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A deceptive Android Trojan disguised as a tool to detect the controversial Carrier IQ software is really running up phone bills of smartphone users.

Called Android.Qicsomos by Symantec researchers, the Trojan is a version of an open source project designed to detect Carrier IQ, a diagnostic tool built into a host of smartphones from different carriers.

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Carrier IQ sent the security world into an uproar when, in late November, a researcher discovered the software, designed to enhance consumers’ mobile experience, actually logs keystrokes, text messages and encrypted Web searches. Carrier IQ reps refuted the original claims the software harvests users’ personal data.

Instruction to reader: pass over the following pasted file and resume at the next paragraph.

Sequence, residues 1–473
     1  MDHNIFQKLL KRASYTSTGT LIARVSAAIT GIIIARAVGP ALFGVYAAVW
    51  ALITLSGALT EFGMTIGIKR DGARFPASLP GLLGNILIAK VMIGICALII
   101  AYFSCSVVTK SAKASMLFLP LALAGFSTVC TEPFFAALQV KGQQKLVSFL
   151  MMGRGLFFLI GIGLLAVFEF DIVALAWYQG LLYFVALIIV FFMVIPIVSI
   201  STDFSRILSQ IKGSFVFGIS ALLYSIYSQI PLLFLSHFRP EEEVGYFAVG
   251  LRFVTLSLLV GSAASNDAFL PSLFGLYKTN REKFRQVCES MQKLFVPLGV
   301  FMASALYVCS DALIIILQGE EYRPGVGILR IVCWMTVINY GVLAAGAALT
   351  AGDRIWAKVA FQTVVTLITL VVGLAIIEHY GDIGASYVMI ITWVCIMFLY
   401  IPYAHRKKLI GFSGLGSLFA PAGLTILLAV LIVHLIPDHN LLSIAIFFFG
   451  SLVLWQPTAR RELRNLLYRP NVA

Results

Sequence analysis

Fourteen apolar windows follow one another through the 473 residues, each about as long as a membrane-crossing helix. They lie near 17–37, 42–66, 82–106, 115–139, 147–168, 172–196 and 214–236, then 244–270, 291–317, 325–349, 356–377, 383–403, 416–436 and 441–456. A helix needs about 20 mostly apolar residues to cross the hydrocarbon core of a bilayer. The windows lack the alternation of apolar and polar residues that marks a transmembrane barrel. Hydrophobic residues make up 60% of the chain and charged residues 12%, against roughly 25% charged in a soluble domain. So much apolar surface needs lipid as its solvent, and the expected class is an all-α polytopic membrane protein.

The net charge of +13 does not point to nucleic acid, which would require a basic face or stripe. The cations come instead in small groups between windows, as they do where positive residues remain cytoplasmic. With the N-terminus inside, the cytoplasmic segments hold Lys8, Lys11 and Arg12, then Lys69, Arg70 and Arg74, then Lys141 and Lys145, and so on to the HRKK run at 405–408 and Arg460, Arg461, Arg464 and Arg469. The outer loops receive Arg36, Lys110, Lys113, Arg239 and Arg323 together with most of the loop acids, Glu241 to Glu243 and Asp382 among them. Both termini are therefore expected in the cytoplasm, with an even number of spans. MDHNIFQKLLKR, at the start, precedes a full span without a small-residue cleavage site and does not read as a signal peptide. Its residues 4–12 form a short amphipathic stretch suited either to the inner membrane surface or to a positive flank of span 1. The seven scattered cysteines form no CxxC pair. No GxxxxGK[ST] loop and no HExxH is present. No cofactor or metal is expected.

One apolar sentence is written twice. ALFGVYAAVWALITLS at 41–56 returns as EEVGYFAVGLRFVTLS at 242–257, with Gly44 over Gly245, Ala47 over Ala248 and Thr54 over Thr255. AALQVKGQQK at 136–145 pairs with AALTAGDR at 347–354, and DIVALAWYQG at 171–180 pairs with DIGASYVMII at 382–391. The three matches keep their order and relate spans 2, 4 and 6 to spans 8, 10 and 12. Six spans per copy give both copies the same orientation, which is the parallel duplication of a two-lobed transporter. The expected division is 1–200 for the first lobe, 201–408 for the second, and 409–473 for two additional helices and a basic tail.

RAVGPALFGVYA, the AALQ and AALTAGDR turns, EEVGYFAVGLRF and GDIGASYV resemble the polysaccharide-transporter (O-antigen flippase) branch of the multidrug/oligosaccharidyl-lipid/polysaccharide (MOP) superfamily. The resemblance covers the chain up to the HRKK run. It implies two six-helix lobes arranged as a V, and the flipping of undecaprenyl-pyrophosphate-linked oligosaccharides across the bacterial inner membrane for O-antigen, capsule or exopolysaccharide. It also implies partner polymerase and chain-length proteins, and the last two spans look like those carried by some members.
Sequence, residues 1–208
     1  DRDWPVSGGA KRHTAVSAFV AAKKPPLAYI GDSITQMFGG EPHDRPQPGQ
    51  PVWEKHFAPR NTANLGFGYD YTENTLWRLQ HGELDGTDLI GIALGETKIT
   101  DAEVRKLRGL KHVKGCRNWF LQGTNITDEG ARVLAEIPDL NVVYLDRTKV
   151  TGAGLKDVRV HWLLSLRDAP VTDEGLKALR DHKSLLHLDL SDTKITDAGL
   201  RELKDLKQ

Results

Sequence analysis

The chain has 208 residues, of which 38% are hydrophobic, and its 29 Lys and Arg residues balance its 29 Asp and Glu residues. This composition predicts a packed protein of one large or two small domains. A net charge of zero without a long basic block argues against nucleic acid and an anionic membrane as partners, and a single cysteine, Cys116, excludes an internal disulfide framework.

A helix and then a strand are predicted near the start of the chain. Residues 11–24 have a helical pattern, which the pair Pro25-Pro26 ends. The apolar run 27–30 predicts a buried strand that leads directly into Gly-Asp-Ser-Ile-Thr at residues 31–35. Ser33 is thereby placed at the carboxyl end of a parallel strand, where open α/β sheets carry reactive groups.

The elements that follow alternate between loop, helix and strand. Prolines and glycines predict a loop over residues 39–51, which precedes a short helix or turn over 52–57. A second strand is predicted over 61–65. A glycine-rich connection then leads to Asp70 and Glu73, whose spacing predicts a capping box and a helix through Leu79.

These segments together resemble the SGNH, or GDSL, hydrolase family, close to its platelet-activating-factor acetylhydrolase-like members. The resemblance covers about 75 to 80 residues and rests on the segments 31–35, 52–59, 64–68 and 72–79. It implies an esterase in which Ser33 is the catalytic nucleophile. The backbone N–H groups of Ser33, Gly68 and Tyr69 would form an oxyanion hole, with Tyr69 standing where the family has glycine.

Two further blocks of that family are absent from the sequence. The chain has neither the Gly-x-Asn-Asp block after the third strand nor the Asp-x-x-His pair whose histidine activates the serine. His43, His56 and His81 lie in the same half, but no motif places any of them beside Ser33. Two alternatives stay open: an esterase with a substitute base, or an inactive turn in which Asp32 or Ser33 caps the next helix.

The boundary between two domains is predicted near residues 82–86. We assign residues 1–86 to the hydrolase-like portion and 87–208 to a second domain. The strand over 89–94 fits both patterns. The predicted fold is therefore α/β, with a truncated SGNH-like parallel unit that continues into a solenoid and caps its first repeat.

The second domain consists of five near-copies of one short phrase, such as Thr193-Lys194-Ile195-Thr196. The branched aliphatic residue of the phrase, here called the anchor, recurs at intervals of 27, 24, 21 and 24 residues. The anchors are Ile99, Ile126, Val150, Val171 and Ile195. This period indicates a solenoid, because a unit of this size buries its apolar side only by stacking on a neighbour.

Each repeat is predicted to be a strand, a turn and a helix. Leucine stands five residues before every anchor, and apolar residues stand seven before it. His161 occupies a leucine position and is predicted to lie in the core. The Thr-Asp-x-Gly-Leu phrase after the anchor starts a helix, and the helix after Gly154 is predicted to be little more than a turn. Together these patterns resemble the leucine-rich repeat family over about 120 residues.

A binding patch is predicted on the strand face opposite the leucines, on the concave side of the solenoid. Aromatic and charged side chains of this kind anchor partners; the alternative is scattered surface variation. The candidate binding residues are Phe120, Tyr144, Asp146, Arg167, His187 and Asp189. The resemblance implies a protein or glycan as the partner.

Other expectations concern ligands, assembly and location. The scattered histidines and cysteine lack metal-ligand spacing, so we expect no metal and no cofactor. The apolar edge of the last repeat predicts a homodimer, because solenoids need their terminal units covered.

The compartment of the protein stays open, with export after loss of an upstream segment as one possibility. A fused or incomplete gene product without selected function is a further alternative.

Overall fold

The weeklong drama, however, was enough to make Carrier IQ — and smartphone privacy — a hot issue. Knowing that, attackers can keep the new Qicsomos Trojan alive and spreading.

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Qicsomos, which is currently affecting French Android customers, hides in an app called “Detecteur de Carrier IQ” and appears on devices with an icon similar to Orange, a major European telecom operator, researchers said. When the user notices the icon and presses “Désinstaller” (to uninstall Carrier IQ ), the Trojan goes to work sending four premium rate text messages, billing the smartphone owner, and then erases itself.

Symantec researchers said there is no trace of the phony app, “Detecteur de Carrier IQ 2.0.4,” in Google’s official Android App Market. They believe the app may be spreading through social engineering or phishing campaigns pretending to be from an official mobile carrier.

While Qicsomos is affecting French Android users, it’s possible the attackers could shift the battlefield to the U.S. In the event you come across unsolicited apps or emails promising software to detect or rid your phone of Carrier IQ, do not pursue the offers and never download any app that looks suspicious.

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